“No doubt about it, we need more input from the factory floor,” sighed the woman from Packing, theatrically. Tracey concurred: “I could trip him up and be under him before he hit the ground.”

“He certainly scrubs up well,” agreed Sally. “Actually, I wouldn’t mind being the one to wash off all that mud. . .”

“I’ll tell him you said so,” I said drily – but I would. “He may have his pick from the women at Hamiltons, is that it?”

“Oh, I think it would be fair to say,” summed up Lol, “that most of us would like some of that.”

Our turn to go to Piet and Phil’s again, and Phil looking much more like himself, thank goodness. Mind you, when he reached into the cupboard for glasses I realised that one arm was scraped quite severely, and his elbow had a huge black bruise on it. He saw me looking.

“I had the ball and some people wanted it. Wanted it quite badly, apparently.”

“Nasty,” I commented cautiously, but he just wrinkled his nose.

“Risks of the job,” he said without any particular heat. “Red or white? I’ve got something better for later.”

And dinner was well up to his usual standard, even if he did seem to be going a little short himself. I began to have suspicions when he split the last of the amazing chocolate and coffee thing three ways rather than four and didn’t have seconds himself. Usually by this point in the season, he would be allowing himself a little leeway in terms of what he ate and drank, but he’d only had half a glass of wine, too. When we went through to the sitting room, though, he produced his ‘something better’.

“Champagne? Good champagne, too. . . Was this what you got for Player of the Season?”

He and Piet both laughed. “Dream on. That never made it out of the dressing room, we drank it straight from the bottle, the whole team. Well, there were several bottles actually, but they were all empty before we had our outdoor clothes back on. No, this was a present from Bernard Fournier.”

“Who’s. . . oh, the clothes people?”

“Yeah, he gave me a case. The family has a vineyard, I think. I wanted Fran to take it to make up for losing her a day’s work last month, but she wouldn’t have more than two bottles. . . said they paid her a retainer anyway. But I’m celebrating, so I thought we could crack one or two tonight.”

“And I,” said Piet, accepting his glass, “am celebrating on Phil’s behalf and mourning on my own.”

That was easy, then. “You’ve been selected? For the Lions?”

“I’m off on tour,” Phil confirmed. “Leaving the old man behind and running away to South Africa.” His tone belied his words and Piet merely looked down his nose.

“Weeks and weeks without some bossy Director of Rugby telling me what to do. . .”

There was something behind that – he might tease Piet a little about leaving him behind, but Phil would just hate not seeing Piet for a long stretch. There was more, and I raised my eyebrows at Piet, who laughed.

“He is not fooled, koekie. No, I must stay here to see out the last of the season and the last of the ever increasing paperwork, but then I think I may take the traditional step of the man left at home while his partner gallivants about – I shall go home to my mother for a holiday. Some home cooking, somebody to fuss after me and look after me properly. . .”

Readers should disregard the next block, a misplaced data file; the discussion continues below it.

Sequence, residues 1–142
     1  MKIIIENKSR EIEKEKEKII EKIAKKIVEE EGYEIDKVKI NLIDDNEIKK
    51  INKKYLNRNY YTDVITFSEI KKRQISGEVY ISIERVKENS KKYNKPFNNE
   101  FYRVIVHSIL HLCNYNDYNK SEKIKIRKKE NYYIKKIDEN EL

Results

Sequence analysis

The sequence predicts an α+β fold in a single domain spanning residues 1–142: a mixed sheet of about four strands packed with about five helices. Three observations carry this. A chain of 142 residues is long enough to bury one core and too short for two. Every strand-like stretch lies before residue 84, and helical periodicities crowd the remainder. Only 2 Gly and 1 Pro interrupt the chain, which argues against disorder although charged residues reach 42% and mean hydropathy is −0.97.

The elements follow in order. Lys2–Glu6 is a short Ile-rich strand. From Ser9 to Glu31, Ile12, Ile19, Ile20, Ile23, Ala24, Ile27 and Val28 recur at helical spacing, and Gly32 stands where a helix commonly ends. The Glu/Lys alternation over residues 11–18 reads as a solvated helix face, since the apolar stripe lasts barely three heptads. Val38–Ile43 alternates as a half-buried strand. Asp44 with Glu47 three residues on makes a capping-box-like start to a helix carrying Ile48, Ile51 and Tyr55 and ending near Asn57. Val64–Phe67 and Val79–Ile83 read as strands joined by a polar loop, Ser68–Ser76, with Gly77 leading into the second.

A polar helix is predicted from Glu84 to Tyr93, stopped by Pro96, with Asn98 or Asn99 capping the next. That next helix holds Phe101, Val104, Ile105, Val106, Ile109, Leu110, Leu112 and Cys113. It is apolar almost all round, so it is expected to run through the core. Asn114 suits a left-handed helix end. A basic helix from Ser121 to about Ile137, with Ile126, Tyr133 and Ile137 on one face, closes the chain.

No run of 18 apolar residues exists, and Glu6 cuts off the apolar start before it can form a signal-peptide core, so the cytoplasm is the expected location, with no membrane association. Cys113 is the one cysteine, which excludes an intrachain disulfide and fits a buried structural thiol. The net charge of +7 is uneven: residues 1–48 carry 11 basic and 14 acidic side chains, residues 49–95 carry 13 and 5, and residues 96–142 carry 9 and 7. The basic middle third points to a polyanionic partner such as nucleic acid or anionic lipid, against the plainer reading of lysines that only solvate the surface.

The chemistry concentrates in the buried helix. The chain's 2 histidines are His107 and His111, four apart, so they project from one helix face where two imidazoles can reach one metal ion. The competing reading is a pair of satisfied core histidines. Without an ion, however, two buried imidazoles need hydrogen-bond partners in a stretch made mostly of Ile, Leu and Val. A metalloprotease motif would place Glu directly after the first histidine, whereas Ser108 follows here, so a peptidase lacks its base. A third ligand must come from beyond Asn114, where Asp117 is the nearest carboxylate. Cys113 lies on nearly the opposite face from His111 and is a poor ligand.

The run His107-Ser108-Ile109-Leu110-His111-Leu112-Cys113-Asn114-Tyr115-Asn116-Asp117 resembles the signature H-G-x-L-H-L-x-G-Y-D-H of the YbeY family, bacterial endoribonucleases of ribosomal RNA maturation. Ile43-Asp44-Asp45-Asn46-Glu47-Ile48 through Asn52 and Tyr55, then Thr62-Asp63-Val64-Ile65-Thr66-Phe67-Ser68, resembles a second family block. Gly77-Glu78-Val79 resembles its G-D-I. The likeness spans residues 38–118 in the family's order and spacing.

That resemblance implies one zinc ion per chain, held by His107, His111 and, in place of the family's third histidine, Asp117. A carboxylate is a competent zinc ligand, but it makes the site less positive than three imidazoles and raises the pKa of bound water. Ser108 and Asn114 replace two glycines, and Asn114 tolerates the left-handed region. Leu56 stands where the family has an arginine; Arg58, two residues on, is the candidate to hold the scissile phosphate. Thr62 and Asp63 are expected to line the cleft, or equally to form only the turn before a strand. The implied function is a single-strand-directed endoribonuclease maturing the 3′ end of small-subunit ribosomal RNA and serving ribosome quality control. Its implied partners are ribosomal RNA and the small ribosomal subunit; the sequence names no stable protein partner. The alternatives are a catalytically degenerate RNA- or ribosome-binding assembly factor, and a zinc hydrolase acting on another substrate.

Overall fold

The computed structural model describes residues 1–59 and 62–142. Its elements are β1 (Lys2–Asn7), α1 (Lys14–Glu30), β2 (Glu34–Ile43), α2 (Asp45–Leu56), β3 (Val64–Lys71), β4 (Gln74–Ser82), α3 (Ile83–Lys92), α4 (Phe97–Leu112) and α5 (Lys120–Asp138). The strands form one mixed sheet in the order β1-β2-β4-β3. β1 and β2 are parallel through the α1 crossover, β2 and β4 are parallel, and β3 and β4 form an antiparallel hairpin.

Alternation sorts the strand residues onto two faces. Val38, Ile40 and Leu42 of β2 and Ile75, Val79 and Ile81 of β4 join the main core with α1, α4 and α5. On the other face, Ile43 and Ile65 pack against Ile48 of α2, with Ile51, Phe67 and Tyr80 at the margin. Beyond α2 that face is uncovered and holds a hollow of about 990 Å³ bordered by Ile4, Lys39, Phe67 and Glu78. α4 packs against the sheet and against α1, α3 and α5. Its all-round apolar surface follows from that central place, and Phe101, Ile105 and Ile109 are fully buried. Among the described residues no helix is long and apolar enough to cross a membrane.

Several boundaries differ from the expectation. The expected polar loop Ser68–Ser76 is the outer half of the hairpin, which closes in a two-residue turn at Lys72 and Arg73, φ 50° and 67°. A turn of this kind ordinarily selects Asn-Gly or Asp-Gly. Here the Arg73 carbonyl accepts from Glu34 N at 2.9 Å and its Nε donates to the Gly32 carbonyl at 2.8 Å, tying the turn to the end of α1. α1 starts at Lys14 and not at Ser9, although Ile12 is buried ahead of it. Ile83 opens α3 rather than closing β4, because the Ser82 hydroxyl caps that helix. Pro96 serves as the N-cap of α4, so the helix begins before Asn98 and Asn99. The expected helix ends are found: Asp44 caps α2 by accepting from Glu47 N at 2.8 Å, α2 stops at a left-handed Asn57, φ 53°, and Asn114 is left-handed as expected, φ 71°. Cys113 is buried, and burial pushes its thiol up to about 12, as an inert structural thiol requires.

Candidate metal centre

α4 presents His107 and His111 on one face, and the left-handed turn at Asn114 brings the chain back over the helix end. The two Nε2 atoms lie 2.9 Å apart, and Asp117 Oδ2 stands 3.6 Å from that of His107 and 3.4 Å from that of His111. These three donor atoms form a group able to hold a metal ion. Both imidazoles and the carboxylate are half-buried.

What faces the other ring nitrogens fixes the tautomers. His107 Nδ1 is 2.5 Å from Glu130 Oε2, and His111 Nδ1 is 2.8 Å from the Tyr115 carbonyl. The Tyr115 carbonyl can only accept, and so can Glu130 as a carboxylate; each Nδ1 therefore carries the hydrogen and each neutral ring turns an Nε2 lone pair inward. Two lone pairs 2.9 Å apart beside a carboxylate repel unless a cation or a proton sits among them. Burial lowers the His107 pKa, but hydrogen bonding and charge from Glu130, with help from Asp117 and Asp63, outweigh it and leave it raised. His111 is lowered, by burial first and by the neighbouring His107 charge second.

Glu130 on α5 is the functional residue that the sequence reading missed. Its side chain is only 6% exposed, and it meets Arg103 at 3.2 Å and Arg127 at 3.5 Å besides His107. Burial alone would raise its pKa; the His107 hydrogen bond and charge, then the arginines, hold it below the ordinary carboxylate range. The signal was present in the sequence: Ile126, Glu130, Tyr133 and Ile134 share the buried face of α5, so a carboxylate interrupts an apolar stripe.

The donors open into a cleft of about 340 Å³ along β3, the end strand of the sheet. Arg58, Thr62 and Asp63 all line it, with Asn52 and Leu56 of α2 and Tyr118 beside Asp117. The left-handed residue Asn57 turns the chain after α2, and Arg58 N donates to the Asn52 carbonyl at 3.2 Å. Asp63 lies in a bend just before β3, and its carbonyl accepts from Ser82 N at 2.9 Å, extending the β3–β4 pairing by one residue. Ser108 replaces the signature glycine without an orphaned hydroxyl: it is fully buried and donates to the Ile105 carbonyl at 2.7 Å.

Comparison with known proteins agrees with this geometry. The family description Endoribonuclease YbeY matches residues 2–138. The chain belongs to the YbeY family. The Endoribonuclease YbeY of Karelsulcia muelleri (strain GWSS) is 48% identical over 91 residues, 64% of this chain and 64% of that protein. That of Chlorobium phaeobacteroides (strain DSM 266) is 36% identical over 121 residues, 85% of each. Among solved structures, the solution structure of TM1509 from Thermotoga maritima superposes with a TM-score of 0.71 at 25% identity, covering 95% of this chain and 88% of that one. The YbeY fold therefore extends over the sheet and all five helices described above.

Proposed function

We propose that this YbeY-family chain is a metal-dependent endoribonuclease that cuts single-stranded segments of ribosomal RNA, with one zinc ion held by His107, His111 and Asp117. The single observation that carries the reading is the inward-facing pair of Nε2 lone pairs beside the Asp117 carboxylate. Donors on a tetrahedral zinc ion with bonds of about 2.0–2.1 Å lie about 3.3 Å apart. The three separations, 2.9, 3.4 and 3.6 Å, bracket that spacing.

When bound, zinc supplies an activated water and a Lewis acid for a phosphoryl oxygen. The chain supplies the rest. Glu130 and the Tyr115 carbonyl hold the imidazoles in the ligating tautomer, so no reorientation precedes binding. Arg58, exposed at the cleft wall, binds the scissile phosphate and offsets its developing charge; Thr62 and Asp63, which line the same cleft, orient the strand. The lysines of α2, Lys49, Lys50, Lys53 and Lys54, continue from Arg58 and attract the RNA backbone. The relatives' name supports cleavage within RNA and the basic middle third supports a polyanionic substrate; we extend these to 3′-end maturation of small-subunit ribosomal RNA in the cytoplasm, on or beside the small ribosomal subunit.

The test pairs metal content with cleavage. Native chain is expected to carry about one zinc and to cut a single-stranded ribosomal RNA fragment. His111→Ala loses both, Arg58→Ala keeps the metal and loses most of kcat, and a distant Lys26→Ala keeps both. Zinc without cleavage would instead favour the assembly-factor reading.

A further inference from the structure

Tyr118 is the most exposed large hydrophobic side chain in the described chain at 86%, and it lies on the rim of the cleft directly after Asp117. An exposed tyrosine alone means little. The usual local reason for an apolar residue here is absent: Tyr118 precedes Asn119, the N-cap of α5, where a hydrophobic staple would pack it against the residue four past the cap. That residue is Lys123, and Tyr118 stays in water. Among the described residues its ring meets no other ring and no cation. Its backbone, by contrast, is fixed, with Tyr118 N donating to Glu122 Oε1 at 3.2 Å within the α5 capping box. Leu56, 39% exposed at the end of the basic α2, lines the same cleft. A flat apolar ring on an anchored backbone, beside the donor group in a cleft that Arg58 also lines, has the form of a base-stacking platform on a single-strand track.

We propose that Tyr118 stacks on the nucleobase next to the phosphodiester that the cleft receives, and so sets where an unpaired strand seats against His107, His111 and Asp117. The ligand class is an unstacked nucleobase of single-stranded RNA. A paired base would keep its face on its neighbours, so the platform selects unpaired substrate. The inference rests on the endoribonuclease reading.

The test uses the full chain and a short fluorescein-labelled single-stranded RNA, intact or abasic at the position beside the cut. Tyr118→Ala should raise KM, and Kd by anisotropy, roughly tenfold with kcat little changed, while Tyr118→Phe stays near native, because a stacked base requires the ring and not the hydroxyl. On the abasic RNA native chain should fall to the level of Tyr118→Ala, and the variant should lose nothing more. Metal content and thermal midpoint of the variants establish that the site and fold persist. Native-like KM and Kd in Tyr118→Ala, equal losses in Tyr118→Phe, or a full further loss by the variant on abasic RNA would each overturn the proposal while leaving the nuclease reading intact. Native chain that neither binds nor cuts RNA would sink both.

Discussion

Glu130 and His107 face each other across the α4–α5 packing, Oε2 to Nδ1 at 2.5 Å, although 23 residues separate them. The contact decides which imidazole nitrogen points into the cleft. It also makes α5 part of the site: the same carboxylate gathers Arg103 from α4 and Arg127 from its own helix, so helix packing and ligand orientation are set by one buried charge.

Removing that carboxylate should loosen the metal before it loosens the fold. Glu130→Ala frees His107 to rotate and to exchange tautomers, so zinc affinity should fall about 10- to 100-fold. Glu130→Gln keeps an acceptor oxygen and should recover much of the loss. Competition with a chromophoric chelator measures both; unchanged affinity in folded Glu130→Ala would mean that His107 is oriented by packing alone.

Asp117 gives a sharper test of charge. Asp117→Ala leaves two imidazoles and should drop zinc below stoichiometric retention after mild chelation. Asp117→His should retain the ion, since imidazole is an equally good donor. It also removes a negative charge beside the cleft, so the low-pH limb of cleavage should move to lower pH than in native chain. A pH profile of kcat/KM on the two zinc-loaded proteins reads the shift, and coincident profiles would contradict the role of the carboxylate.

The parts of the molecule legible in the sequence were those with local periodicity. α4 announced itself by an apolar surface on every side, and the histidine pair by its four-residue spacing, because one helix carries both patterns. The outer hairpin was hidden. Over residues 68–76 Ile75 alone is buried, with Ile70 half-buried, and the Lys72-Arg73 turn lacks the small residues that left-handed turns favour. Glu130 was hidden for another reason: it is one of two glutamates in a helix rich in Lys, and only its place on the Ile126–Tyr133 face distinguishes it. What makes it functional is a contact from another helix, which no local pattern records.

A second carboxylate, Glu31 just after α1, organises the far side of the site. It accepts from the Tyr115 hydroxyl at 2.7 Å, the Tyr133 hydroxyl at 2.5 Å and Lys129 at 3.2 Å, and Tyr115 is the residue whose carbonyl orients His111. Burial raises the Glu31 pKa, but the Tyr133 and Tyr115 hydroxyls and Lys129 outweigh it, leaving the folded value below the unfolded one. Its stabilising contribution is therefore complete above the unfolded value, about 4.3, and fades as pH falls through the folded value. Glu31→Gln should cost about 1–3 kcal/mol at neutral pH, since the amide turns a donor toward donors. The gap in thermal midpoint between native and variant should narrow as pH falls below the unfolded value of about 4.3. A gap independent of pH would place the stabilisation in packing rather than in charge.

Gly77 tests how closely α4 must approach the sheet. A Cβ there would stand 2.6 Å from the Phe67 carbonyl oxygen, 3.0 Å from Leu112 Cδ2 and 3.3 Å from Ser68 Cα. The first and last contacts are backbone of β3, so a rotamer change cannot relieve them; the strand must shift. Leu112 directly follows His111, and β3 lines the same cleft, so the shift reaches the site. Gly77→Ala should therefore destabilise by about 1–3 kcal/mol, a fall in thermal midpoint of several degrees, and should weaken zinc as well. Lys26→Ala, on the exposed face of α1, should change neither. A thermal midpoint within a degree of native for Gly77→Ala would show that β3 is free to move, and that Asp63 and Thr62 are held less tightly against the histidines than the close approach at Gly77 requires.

“While I get to enjoy myself without anybody telling me I’m not to do things,” Phil teased back. “Maybe I’ll never come back. Spending my time with other players. . . young men. Pretty boys, some of them, fit, all rippling muscles and toned bodies, all – eek!”

Because Piet had risen from his chair and advanced upon Phil, removing his wineglass and setting it down before doing something, I couldn’t quite work out what or how, which twisted Phil under Piet’s arm and against his hip.

“Now, koekie, what was it about these boys?”


“Pretty, was it?”


“No, do not try to stand up; touch your toes. Do go on, what were you saying about them?”

“I said they were fit and toned. . . ow!”

“And what else?” The tone was threatening, if the expression was not: Piet was struggling not to laugh as Phil squirmed unconvincingly.

“Um. . . rippling muscles? Did I mention those? Ow!”

“And what else?”

“Um . . . suffering from galloping heterosexuality, most of them?”

Even Piet laughed at that one, his hand slowing to turn the slap into a caress. “You are a wicked boy and not fit to be let out of my sight. I should beat you hard.”

Phil turned puppy-dog eyes on him. “Oh no, that wouldn’t be at all fair. When I’m all scraped and bruised already?”

Piet picked up his glass again and pretended to consider. “Well, then. . . perhaps we should have a care for those scrapes and bruises. What do you think, Hansie? Or you, Tim?”

“When I was small,” I said judiciously, “Mary always said the best cure for a scrape was to have it kissed better. Is it just that elbow, Phil?”

He shook his head. “I’ve got bumps in all sorts of places,” he confessed in wide-eyed innocence. “Lots and lots of them.”

“So perhaps it will require all three of us to kiss them better?” enquired Hansie seriously.

Piet reached over and picked up the half empty bottle. “We will go upstairs and I will punish you severely for even thinking in such a way about your team mates and their rippling muscles, and then we will inspect these cuts and bruises and see which of them require to be kissed better, and then, koekie, then we will see if we can do anything which would convince you that you would do better at the end of the tour to come home to us, rather than to stay away with all those rampant heterosexuals. Perhaps Hansie and Tim  will have some ideas as to how we can persuade you.”

Well, one way or another, I think we can say that Phil liked that.


Idris the Dragon

Click on Idris the Dragon to go back

All material © , 2009